Kites believe that the key theoretical perspective that guides treatment should be that of human well-being, rather than that of risk management and relapse prevention in isolation.
This means that the focus to therapy should be on instilling the capabilities to achieve human good in ways that are socially acceptable and non-abusive, and personally meaningful and satisfying.
To this end, alongside the core cognitive/behavioural interventions already outlined, Kites also utilizes Good Lives/Self-Regulation Model (Yates, Kingston & Ward, 2009) theory and thinking within treatment plans, so to aid the young person and their carers in meeting their personal aspirations through safe and healthy means.
The Good Lives Model assumes that all human beings are goal directed organisms who are predisposed to seek certain primary goods, primary goods being states of affairs, states of mind, personal characteristics, activities or experiences that are likely to increase psychological well-being if achieved.
Ten domains have been identified including:
- Life (including healthy living and functioning)
- Knowledge (how well informed one feels about things that are important to them)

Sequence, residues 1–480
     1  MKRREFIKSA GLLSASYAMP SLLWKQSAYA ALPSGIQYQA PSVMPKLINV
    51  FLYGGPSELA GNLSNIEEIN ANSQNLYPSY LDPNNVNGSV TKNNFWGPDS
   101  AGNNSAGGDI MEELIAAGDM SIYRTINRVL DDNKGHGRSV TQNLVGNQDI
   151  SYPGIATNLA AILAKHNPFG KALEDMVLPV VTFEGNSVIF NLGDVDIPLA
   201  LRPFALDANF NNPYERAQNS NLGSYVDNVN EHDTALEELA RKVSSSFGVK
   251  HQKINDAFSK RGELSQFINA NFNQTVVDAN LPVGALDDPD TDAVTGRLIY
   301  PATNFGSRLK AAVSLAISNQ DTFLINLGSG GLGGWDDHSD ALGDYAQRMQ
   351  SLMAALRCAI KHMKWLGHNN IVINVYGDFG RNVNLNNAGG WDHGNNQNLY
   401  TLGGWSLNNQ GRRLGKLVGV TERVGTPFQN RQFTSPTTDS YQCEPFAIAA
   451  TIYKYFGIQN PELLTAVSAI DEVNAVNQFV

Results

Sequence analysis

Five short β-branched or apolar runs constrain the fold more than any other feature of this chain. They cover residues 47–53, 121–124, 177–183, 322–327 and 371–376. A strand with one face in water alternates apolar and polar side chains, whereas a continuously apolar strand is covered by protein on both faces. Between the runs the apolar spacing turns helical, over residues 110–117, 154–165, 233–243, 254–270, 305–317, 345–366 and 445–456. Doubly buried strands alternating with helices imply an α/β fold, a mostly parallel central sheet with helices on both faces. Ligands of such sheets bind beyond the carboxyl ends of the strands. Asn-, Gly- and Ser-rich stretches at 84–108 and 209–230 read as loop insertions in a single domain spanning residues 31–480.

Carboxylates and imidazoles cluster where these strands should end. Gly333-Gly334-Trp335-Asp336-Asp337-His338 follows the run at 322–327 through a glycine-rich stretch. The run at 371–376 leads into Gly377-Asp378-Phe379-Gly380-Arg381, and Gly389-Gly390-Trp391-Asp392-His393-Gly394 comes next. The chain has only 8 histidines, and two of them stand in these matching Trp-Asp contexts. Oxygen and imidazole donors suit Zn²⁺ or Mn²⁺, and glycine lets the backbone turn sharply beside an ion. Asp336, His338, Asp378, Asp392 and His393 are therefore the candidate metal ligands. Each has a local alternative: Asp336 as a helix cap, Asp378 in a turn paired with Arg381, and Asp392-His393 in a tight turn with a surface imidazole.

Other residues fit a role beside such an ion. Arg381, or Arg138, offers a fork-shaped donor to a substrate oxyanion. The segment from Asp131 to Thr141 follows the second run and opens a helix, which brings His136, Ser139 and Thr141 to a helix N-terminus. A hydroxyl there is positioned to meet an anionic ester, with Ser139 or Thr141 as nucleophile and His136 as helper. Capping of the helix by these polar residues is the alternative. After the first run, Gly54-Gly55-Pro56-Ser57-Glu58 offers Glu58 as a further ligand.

- Excellence in play (hobbies and recreational pursuits)
- Excellence in work (including mastery experiences)
- Excellence in agency (autonomy and self-directedness)
- Inner peace (freedom from emotional turmoil and stress)
- Relatedness (including intimate, romantic, and familial relationships)
- Community (connection to wider social groups)
- Spirituality (in the broad sense of finding meaning and purpose in life)
- Pleasure (the state of happiness or feeling good in the here and now)
- Creativity (expressing oneself through alternative forms)
The function of the young person’s offence specific and global behaviour is analysed, and the key goals are identified and then addressed through a Good Lives treatment intervention which facilitates and directs them to meet the identified needs through healthy means.
The treatment plan provides approach goals to young people to offset identified risk factors so to improve self-efficacy, autonomy and self-agency.